The district court properly admitted the testimony. The fact that Bailey waited in the car was relevant to Bailey's involvement in Williams' drug purchases. The evidence established that Bailey was not unfamiliar with Williams' frequent visits to Mickle's father's home to purchase crack, which was the nature of the alleged conspiracy. Bailey is correct that sitting in the car and occasionally knocking on the door are otherwise innocent behavior. Mere presence does not prove a conspiracy. United States v. Saadeh, 61 F.3d 510, 525 (7th Cir.1995). But when viewed in the context of Williams' drug purchases, this evidence is certainly relevant. Bailey's presence shows both an association between Bailey and Williams' illicit business and that Williams trusted Bailey enough to bring him along. Though not conclusive, Bailey's presence at these drug deals makes the existence of the conspiracy “more probable.” In addition, the evidence was not unfairly prejudicial. The prejudice that results from Bailey's presence at Williams' drug purchases is pretty clear. However, the testimony was unlikely to cause the jury to convict the defendant on an impermissible or emotional basis. It would not be irrational for a jury to conclude that Bailey was part of an ongoing conspiracy to distribute drugs based, in part, on his presence in the car during Williams' purchases. We therefore find no error in the district court's conclusion and affirm Bailey's conviction.
C. Alexander's Appeal
Alexander only appeals his conviction for being a member of the drug-distribution conspiracy. He has never denied his involvement in the August 13, 2002 sale of crack to Bethel. Nor does Alexander deny that Bailey and Williams were involved in a conspiracy, saying that “overwhelming evidence” supports their convictions. But he does deny that sufficient evidence proves that he intended to join a conspiracy with Williams and Bailey to distribute drugs. We disagree.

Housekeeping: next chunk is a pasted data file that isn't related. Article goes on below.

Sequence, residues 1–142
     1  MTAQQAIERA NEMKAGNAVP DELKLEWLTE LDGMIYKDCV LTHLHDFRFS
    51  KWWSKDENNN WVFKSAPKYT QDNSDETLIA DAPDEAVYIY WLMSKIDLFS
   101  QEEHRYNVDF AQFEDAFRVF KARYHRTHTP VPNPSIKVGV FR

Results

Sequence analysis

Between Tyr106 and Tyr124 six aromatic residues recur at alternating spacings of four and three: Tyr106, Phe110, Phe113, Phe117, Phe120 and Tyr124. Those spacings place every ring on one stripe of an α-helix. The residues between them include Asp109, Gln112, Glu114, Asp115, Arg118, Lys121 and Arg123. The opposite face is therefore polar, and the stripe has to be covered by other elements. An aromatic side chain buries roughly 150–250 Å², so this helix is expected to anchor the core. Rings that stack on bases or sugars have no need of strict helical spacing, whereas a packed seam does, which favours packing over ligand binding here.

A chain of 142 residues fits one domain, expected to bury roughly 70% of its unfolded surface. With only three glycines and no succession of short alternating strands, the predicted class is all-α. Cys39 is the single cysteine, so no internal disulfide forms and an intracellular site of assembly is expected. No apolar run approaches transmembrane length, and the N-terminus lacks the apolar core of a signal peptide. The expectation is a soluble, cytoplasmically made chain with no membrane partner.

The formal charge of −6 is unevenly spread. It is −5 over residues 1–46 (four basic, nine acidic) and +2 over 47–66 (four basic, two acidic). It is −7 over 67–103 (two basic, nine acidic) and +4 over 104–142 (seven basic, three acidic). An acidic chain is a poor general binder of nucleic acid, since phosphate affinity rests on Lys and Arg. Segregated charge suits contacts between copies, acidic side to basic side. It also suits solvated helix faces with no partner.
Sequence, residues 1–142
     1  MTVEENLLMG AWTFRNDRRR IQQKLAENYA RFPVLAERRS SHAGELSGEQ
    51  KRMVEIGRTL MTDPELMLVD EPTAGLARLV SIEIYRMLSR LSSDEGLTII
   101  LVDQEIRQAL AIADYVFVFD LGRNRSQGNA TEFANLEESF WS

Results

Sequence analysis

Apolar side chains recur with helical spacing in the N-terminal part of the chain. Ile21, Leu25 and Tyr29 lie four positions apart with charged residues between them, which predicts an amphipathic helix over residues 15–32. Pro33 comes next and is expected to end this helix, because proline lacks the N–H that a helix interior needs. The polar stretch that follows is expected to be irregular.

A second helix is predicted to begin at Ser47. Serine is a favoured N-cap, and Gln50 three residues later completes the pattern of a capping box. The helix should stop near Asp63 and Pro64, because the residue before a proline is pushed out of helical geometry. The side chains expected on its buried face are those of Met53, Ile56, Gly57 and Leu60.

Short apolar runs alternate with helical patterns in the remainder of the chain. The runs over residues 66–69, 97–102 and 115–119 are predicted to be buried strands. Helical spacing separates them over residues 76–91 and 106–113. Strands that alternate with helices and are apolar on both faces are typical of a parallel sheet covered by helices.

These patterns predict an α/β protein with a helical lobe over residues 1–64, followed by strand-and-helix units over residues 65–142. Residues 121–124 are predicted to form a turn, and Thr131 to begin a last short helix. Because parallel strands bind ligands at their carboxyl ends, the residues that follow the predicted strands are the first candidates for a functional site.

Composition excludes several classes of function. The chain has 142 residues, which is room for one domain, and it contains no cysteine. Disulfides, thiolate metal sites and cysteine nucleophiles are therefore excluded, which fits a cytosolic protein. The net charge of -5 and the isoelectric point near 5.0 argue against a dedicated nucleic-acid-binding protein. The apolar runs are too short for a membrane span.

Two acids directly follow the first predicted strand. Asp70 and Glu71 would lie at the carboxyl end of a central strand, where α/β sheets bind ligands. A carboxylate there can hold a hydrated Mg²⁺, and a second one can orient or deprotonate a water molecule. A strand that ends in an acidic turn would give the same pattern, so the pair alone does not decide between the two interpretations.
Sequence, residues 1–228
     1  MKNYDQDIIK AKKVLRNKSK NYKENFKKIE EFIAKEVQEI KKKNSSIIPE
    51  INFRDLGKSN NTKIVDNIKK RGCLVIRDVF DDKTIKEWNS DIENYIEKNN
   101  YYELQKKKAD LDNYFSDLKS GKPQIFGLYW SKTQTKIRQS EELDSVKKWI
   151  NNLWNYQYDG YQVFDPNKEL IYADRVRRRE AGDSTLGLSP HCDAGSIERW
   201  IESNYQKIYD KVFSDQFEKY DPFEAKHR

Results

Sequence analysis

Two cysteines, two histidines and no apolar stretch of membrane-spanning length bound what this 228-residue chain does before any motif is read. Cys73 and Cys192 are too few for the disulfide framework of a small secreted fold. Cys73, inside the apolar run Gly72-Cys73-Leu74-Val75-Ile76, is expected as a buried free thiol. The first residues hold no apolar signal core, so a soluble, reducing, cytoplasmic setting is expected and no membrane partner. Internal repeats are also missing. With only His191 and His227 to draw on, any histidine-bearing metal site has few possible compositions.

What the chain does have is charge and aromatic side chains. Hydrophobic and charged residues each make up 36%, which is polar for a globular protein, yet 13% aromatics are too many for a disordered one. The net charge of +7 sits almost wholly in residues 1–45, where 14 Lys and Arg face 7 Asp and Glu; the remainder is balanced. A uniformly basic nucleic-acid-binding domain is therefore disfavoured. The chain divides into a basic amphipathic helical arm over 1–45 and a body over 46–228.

Alexander may not have been the laboring oar in the conspiracy, but he was certainly rowing. The evidence established that Alexander would direct willing buyers to Bailey or Williams. Alexander thus served as an intermediary in the conspiracy, bridging the divide between a willing buyer and Williams or Bailey. See United States v. Sachsenmaier, 491 F.3d 680, 684 (7th Cir.2007); United States v. Rock, 370 F.3d 712, 715 (7th Cir.2004) (“Case law is clear that when defendants are on the same side of a sale of drugs to a third party, there is sufficient evidence of a conspiracy.”).
The most obvious instance of Alexander's role was the August 13, 2002 sale. Bethel testified that he had called Alexander around noon and asked if he could purchase an ounce of crack. A few hours later, Bethel called Alexander and asked how long it was going to take him to “grab that zip for me.” Alexander responded that all he had to do was “make a phone call” and that he would “have them bring it over here, and I'll just come to the Taft with them.” At around 5:00 P.M. that night, Alexander and Williams stopped by where Bethel was living and delivered the ounce. Although Bethel had purchased crack from Alexander three or four times in the past, he had never bought from Williams before. After the initial transaction, Alexander gave Williams' number to Bethel for him to call directly. Alexander also helped set up the August 29, 2002 transaction, serving as a bridge between Bailey and Bethel when the former was slow in making delivery. Throughout the day, Alexander was in contact with Bailey and Williams on their cell phones. Although the jury acquitted Alexander of a distribution charge for that day, his behavior is still relevant to whether he conspired to do so. Billops, 43 F.3d at 286.
This evidence clearly establishes Alexander's involvement as of August 2002, but his involvement stretches back much further. Alexander had worked with Bailey to sell drugs for years. Jason Parker testified that Alexander would purchase “ounces, half ounces, ․ two ounces of crack from” him beginning in 1994. He would deliver the drugs to Alexander and Bailey together at the Taft Homes “when their supply didn't have the drugs they needed.” John T. Williams testified that Williams had Alexander and Bailey working for him out of Williams' house on Madison Street. Until he was sent to prison in 1997, John T. Williams would deliver ounces of crack to the house where Alexander was working for Williams, “dealing drugs and stuff like that.” Finally, Mario Thompson testified that he had also sold smaller amounts of crack to Alexander during the months leading up to his arrest in 2002, the same period in which he was supplying Williams. In short, the jury was entitled to believe that Alexander had formed an agreement with Williams and Bailey to sell drugs, based on the controlled buys to Bethel and the testimony establishing Alexander's involvement with Williams and Bailey in the Peoria crack market. The testimony certainly supported this conclusion. We will not disturb it on appeal.
For the foregoing reasons, we Affirm the jury's verdicts for all three defendants and Affirm Williams' sentence.
FLAUM, Circuit Judge.